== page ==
Settling Debts to the IRS after a Chapter 7 Bankruptcy

Unfortunately, many obligations to the IRS cannot be discharged in a Chapter 7 Bankruptcy. However, the IRS since the Great Recession of 2008 has shown some compassion in compromising amounts due to them. Their formal process is explained pretty clearly here, and I recommend you review that page. As your Austin bankruptcy attorney, I can help you through what is called the Offer in Compromise (OIC) process.

It is very common for a bankruptcy caused by unforeseen personal calamities to also result in unpaid federal income taxes. The total amount due grows larger quickly as it accumulates significant interest and penalty charges, and the IRS will usually file a general lien against you. They will contact you periodically, ask for updated personal information, and, depending on your particular circumstances, will decide if they want to enforce the lien by taking assets from you or garnishing your wages or even your Social Security payments. If you attempt to close a real property transaction while you are subject to a lien, even if you are receiving or dispensing no funds, the IRS will show up at the table and must approve the closing. The IRS is only interested in liquid assets or real estate and normally won’t take away daily-use tangible items like vehicles. They, might, however, come after a prized gun collection that can easily be sold.

If your assets and income are such that there is no practical way for you to pay the full amount due to the IRS in a reasonable period of time on an installment plan, you should submit an OIC to settle the matter and get the lien released. For example, if you owe $50,000, you might offer $2,000. You’d have to pay 20% of your offer, or $400, plus a $186 fee when you file the OIC, with a promise to pay the remaining balance of $1600 in five or fewer payments. With your OIC you must submit a form 433-A, which is a full disclosure document of all your personal finances. I can help you with that as needed; accuracy and detail there are very important.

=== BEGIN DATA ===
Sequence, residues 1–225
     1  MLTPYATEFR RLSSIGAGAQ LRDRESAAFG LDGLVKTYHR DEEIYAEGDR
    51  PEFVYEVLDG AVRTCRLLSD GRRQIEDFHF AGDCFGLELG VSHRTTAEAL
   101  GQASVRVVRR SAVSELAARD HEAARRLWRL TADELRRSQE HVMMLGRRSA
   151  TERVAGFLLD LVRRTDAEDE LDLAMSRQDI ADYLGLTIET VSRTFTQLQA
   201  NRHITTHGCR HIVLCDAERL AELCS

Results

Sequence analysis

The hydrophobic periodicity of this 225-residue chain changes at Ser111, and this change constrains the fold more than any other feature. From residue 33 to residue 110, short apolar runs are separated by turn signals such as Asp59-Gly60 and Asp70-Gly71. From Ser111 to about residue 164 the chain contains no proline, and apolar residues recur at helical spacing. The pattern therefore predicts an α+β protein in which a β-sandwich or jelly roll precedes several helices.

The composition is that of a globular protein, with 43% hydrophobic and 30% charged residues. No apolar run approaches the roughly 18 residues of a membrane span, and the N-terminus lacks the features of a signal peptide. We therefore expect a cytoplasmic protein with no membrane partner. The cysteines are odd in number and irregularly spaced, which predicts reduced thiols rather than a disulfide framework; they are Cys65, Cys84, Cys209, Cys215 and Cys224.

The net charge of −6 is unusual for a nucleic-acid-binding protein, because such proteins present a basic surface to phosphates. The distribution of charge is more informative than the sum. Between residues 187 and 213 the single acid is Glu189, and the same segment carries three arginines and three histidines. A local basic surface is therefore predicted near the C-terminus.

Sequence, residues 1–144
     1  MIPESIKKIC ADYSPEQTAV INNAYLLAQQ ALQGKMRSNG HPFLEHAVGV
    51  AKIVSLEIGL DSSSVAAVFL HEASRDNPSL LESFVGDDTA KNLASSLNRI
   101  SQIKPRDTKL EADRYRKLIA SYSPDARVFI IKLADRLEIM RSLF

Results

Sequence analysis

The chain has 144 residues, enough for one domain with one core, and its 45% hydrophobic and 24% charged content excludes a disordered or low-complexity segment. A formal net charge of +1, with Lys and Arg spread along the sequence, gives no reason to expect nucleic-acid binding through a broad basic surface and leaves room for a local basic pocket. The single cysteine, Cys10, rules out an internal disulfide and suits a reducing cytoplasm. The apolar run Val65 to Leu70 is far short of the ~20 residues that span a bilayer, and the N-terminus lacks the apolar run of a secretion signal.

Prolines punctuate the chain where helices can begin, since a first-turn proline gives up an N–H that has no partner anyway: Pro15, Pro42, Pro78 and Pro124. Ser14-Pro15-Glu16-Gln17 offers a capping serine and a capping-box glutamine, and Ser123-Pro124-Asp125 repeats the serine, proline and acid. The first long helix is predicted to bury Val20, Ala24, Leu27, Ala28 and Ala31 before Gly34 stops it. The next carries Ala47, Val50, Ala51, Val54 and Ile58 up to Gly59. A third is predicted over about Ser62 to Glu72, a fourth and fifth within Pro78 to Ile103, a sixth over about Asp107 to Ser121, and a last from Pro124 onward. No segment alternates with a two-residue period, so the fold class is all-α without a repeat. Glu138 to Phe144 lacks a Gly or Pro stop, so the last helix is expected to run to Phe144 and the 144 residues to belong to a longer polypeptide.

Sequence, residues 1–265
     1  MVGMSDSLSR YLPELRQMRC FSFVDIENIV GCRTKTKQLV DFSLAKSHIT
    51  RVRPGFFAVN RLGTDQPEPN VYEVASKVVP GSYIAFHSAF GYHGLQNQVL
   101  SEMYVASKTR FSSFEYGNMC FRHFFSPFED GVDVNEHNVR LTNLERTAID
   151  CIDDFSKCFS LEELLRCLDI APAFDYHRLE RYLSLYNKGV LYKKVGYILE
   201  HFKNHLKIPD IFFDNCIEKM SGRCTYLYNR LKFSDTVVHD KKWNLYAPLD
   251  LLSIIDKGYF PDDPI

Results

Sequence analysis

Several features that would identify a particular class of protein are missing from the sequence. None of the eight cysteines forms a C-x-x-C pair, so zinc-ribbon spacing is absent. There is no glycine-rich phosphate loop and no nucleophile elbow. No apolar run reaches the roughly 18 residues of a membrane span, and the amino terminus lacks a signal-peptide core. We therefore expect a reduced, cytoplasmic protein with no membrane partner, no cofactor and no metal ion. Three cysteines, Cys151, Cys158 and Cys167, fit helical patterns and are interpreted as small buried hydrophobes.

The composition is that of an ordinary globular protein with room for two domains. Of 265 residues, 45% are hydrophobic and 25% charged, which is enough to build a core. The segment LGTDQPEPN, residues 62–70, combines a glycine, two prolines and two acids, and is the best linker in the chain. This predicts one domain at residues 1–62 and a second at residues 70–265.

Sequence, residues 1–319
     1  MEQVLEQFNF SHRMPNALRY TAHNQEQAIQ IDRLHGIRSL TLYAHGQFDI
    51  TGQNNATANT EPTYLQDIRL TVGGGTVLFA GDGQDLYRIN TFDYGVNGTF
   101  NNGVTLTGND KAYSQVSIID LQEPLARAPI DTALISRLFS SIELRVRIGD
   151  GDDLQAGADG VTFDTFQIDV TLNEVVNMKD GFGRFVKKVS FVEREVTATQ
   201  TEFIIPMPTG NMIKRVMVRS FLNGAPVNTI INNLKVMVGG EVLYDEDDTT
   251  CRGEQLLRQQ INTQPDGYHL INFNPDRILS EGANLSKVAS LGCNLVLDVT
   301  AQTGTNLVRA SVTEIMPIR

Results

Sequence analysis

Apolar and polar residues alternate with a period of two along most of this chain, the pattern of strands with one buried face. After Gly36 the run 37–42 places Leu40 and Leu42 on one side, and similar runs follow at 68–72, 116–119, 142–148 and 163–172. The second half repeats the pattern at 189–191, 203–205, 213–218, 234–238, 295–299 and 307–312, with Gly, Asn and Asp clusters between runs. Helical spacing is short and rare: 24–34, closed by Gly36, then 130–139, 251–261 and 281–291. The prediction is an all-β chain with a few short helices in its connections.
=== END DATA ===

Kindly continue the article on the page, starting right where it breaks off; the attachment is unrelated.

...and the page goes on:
The IRS will typically assign an examiner to your OIC, and he or she may request more documentation, particularly if you have any business interests that aren’t easily quantified. That examiner may recommend acceptance of your offer as is or may make a take it or leave it counter. A regional supervisor must then ultimately approve the deal but is unlikely to overrule the examiner you’ve come to know. If you accept the counter and pay it in full within five months, your lien will be released, and your only remaining obligation will be to file and pay timely tax returns for the next five years. If you fail to do that, the OIC is eradicated, and you have to start over. That’s not something you want to risk!

If, however, you believe the counter offer is unreasonably high, you have the ability to appeal. That’s where having an attorney represent you is your most prudent course of action. I can do my best to keep the IRS demands within bounds until your tax obligation is resolved. There is no way to guarantee the percentage you will have to pay on an OIC. You’ll see lots of advertisements talking about 10 cents on the dollar, and that may well be the outcome. But, every case is different, and the examiners follow pretty strict formulas to arrive at a number that the IRS will accept.

Doing nothing with respect to an IRS lien is never a good option. The bankruptcy laws are designed to give you a fresh start, but you’ll be hamstrung forever if you have significant IRS obligations. They will not be forgotten, and the OIC process is a great alternative for you.